The Law:

In order to “impute” income to your spouse, you have to show they have both 1) the ability to earn and 2) the opportunity to earn.  In re Marriage of Bardzik (2008) 165 Cal.App.4th 1291.  You don’t have to show any bad faith on their part—such as proving they are intentionally depressing their income.  In re Marriage of Kochan (2011) 193 Cal.App.4th 420, 428. 

In addition, job listings or online postings are inadmissible hearsay.  Evidence Code § 1200 et seq.  However, expert witnesses are allowed to rely on hearsay evidence when forming an expert opinion.  Evidence Code § 801. 

 

The Solution:

So, spouses attempting to impute income to their spouse usually have to resort to hiring an expert witness to testify regarding the ability and opportunity of their spouse to earn.  This expert is usually referred to as an “expert vocational evaluator.”  The problem is that this entire system increases the cost of litigation.  Instead of showing the judge 50 craigslist ads, you have to spend $3,000 to hire an expert.  Depending on you potential spousal support obligation, that may be money well spent.  However, this system ensures that only family law litigants with adequate means are able to get justice.  

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Divorcing in the Golden Years (surprise!)

Image

This recent article was inspired by Danny Devito’s divorce after 30 years of marriage.  The article attempts to describe a number of reasons why couples may divorce after a long marriage.  One recent study found, “The divorce rate among older adults has more than doubled since 1980, and 1 in 4 persons who divorces today is over age 50.”  So it seems that divorce isn’t just for thirty-somethings with children.  The big-D may be for couples of all ages.

 

When people are living longer healthier lives, are able to have sexual relationships later in life (thanks Viagra®), and since women are more financially independent than in times past—to some extent divorce at a later stage in life makes more sense than it did in the past. 

 

Divorce for seniors can lead to some very specific concerns. Division of assets and retirement funds at a relatively younger age (30s-50s) leaves divorcing couples with time to financial recover—but for most seniors who are divorcing, there is much more finality to this division and no work-life to recover from the financial repercussions.  In addition, assisted living facilities are not cheap.  Attempting to support both spouses in such facilities post-divorce may be too much for the community to bear.  And although children are no longer young, adult children acting as caregivers may have a difficult time coping with their parent’s divorce. 

 

However, in some ways divorce for older couples is simpler.  Retired couples need not worry about the bread-winner quitting their job, child custody and child support are not an issue at all.  At the same time, it may be more important for the parties and their counsel to work together—towards a creative solution.  Due to the possibility that the payor spouse may die and no longer be able to pay spousal support, the parties may want to retain a life insurance policy.  However, due to the increased cost of life insurance as a senior, the parties may benefit from an alimony trust.  An alimony trust is when the payor spouse transfers investments or other assets that generate income into an alimony trust for the recipient spouse or beneficiary.  It may create more protection without the high cost of life insurance.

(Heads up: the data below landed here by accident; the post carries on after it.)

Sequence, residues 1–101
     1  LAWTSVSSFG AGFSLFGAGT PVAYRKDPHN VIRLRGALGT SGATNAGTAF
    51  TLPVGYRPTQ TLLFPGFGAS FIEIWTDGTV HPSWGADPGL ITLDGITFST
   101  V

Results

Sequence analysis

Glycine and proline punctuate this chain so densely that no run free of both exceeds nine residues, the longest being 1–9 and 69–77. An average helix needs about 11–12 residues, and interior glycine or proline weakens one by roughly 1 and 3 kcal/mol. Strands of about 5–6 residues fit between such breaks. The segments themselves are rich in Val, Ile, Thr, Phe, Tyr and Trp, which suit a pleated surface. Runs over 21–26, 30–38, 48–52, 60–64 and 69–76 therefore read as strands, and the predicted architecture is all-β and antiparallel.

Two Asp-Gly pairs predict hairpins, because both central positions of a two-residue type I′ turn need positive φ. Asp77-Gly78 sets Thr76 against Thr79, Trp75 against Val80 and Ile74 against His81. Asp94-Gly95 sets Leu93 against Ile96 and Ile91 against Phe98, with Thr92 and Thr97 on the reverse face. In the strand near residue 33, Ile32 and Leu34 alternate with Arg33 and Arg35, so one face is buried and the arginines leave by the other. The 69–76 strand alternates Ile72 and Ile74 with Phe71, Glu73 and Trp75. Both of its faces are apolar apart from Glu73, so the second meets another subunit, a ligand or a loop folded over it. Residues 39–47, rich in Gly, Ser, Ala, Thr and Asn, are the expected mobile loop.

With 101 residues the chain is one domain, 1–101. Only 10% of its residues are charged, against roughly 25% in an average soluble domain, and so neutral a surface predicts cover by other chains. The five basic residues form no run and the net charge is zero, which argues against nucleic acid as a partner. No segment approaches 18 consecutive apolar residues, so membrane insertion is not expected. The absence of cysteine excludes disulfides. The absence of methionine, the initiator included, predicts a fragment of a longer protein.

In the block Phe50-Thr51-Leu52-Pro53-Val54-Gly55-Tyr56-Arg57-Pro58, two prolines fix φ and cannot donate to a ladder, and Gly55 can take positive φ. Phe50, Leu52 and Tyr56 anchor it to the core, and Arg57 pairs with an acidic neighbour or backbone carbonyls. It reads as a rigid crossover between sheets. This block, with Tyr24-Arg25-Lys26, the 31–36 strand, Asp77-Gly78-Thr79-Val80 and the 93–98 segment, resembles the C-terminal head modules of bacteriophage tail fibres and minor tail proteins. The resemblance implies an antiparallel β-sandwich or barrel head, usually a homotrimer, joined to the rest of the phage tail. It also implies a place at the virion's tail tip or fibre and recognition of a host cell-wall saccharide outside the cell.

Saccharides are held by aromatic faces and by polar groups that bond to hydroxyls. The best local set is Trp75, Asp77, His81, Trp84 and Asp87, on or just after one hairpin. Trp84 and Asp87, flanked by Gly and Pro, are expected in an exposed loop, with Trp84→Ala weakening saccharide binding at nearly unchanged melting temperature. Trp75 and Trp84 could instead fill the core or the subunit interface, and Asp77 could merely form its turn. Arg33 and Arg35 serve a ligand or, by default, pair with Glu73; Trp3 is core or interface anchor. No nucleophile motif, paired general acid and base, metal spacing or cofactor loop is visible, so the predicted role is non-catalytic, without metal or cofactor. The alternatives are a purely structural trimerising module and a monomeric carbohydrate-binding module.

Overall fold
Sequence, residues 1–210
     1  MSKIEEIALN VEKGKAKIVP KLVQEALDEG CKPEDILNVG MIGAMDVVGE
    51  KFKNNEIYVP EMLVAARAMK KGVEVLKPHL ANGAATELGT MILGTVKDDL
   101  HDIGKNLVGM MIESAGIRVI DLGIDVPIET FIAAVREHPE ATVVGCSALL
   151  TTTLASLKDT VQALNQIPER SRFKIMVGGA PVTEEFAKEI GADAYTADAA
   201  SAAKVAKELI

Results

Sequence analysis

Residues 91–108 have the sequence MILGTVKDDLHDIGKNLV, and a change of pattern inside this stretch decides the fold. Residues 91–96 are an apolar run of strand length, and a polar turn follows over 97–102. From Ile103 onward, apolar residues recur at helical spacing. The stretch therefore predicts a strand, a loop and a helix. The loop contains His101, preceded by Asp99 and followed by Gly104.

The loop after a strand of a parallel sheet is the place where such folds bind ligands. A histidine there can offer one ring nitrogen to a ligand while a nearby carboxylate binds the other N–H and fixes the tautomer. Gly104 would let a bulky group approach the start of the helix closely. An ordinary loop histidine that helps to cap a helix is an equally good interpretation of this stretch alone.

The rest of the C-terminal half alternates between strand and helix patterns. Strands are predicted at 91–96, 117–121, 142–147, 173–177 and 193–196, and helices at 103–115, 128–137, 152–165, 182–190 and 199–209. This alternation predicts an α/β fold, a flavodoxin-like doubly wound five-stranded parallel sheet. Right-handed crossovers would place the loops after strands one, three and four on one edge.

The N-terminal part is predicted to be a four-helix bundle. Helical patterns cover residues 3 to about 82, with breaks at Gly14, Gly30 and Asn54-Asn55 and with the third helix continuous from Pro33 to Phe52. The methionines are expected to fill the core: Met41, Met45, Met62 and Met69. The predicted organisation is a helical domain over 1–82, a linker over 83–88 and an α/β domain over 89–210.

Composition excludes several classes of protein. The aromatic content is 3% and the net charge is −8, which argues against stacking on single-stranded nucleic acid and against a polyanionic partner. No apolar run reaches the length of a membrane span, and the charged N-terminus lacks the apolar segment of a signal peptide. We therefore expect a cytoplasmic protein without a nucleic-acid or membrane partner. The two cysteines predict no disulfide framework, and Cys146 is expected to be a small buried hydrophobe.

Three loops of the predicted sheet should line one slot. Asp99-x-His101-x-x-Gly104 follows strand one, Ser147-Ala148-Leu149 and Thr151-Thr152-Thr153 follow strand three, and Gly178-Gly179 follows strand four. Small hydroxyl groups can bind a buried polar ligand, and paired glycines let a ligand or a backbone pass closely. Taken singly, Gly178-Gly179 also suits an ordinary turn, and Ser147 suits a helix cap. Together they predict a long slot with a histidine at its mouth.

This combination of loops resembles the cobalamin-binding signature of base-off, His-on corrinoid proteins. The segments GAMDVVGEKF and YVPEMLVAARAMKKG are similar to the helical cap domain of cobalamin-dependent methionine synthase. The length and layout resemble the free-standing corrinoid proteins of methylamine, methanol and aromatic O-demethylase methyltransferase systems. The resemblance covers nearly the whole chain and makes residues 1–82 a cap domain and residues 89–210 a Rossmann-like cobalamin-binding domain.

It seems as society becomes increasingly egalitarian—the pitfalls of life (including divorce) will affect different populations more equally than in the past.  Here are some key issues for couples divorcing as seniors to think about:

  • Long term care planning
  • Estate planning
  • Alternatives to traditional spousal support
  • Health insurance coverage
  • Social security benefits
  • Longer term marriage issues

 

If you would like a free consultation with regard to your family law issue, please give us a call at (805) 482-1170.

 

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California’s Legal Document Assistant Problem (I can’t give you legal advice, but….)

Forms picture blogpost on LDA

Many times, clients come to our office and we get to “clean up messes.”  In some of these cases–the damages already done to the client’s legal position are irreparable.  For many of these parties it would have also been cheaper to have an attorney from the start–instead of trying to fix the harm done while unrepresented.  Many of these parties used Legal Document Assistants to start their case.

 

What we do:

It’s not that every family law case in California demands an attorney (yes, I just said that).  I frequently instruct potential clients during their free initial consultation that they really could do this on their own if they want, I give them some free advice, I print them out a few forms, and I send them on their way.

 

Forms are free:

The thing is that much of family law work is done on forms which are provided by the state.  Many of the forms also have corresponding “INFO” pages that explain how to use them and how to fill them out.  These forms are published by the California Judicial Council and freely available online.  You, as a taxpayer, are paying the State of California to develop and maintain these forms.  They are free.

 

California Superior Court Self-Help Centers:

Every California State Superior Court has self-help centers.  At these centers you can receive these free forms and get help filling out those forms.  Unfortunately, the self-help centers don’t provide a high level of service.  You work on their schedule, they only help you with certain issues, and they can’t provide legal advice.

 

The California Legal Document Assistant (What they do):

California has something called “Legal Document Assistants” or LDAs.  These LDAs are able to provide forms (the forms we just discussed that are found free online, and help you fill them out, as long as they don’t give legal advice.  So, they provide you a form that is free and readily available online, they help you complete it, and they charge you for it. Under Bus. & Prof. Code § 6400 (the relevant portions of which are at the bottom of this post) states that “A legal document assistant may not provide any kind of advice, explanation, opinion, or recommendation to a consumer about possible legal rights, remedies, defenses, options, selection of forms, or strategies.”  Right.  In reality, these LDAs give legal advice and explanations all the time.  They simply couch advice with language like, “I can’t give you legal advice, but…” and then they proceed to give legal advice.  There is a reason why LDAs are not allowed to give legal advice–they weren’t trained to practice law.